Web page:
Promotions were an important part of the success that could be managed in digital retail. The annual “618” promotions in mid-June opened early, in May, researchers tell us, and the discounts offered were particularly aggressive across short-video retail channels, reaching deals of 62% in some cases. . On more traditional platforms, discounts were as high as 46%. These figures can be compared to the prices of physical bookstores which offered only 10% discounts.

Even at the highest discount ranges, OpenBook warns that drastically reducing prices to top competitors is of course not a long-term strategy. “A discount contest,” our associates politely said, “does not bring sustainability.”

Among these sales channels and their many discounts, sales have been concentrated around sectors and content genres.

  • On the e-commerce of short videos, some 61.3% of sales were for children’s books
  • On more standard e-commerce platforms, children’s books were strong, as were social science titles, each at 26%.
  • In physical stores, educational materials were the top-selling titles, accounting for more than 30% of sales

Image: OpenBook

An interesting couple of parallels can be found in how the first and last lists have evolved over the first six months of this year in China.

  • Top List Titles Sell Best on Short Video Channels
  • Backlist titles sell best on more traditional e-commerce platforms

And if we look at the titles that sold between January and June in a total of 1,000 units and more:

  • More traditional e-commerce platforms accounted for up to 52,000 titles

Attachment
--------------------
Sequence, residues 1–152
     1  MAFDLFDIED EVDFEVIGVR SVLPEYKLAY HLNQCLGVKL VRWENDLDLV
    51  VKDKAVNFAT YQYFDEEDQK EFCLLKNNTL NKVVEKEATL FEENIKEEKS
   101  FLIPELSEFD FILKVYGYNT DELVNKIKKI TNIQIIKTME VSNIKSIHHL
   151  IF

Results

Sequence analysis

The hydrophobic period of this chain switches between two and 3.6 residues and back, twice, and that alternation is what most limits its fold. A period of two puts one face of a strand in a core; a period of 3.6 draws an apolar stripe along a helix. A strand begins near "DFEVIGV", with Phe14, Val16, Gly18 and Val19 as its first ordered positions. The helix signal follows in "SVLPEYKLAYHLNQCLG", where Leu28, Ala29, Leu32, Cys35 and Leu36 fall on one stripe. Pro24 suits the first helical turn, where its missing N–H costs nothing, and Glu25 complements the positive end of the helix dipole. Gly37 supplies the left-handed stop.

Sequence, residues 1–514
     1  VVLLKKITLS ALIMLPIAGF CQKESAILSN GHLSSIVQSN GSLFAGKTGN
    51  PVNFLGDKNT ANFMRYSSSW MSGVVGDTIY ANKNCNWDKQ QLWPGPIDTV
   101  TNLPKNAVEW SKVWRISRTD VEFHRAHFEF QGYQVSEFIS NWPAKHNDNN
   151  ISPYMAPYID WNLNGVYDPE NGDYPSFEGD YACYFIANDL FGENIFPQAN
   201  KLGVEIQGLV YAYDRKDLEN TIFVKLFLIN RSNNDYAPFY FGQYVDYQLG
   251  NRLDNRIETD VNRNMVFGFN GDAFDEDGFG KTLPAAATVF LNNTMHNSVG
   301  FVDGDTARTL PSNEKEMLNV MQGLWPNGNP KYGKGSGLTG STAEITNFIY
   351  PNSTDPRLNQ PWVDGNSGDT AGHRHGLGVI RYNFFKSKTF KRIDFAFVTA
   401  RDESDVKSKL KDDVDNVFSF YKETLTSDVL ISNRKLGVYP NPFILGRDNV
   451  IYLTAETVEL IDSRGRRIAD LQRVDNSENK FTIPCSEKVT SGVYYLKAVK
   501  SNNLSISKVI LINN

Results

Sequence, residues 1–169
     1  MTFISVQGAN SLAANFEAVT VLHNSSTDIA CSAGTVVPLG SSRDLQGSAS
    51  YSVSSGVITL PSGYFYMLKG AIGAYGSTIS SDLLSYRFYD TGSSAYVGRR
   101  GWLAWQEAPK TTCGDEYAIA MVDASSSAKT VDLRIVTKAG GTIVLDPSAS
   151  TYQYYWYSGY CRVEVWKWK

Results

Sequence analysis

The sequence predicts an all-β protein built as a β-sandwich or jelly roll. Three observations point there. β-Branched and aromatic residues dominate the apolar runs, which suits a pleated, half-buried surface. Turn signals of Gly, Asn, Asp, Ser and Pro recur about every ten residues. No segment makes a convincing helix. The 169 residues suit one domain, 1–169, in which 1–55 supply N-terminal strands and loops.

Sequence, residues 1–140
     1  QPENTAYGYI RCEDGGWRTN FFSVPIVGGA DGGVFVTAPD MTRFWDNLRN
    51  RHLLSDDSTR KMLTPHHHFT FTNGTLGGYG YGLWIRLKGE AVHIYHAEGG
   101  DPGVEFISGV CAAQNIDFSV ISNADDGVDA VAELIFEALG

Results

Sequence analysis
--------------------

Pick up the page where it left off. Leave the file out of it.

• Other online outlets offered up to 31,000 titles
  • Physical retail had some 20,000 titles
  • Short video e-commerce channels offered a much smaller range, at around 6,000 titles

So we see from this that despite the robust performance of short video channels, the breadth of inventory they offered in the first half of the year was quite narrow compared to other channels.

There are more nuances to be worked out in how short video e-commerce sales work in the Chinese market, and we’ll come back to that for more coverage. Thanks, as always, for Jiang Boyan’s translation and coordination assistance.

OpenBook Research Director Xiaohui Feng reports the data points from the first half of 2022 in a digitally produced program for this year’s Reading X event. Image: OpenBook

Learn more about the Chinese book publishing market is heremore about industry statistics is heremore about book sales is hereand our regular China bestseller reports are here.

Learn more about the COVID-19 coronavirus pandemic and its impact on international book publishing is here.

About the Author

Porter Anderson

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Porter Anderson is a non-resident member of Trends Research & Advisory, and was named International Business Journalist of the Year at the London Book Fair’s International Excellence Awards. He is editor of Publishing Perspectives. He was previously associate editor of The FutureBook at The Bookseller in London. Anderson was a senior producer and anchor for, CNN International and CNN USA for more than a decade. As an art critic (National Critics Institute), he has collaborated with The Village Voice, the Dallas Times Herald and the Tampa Tribune, now the Tampa Bay Times. He co-founded The Hot Sheet, a newsletter for authors, which is now owned and operated by Jane Friedman.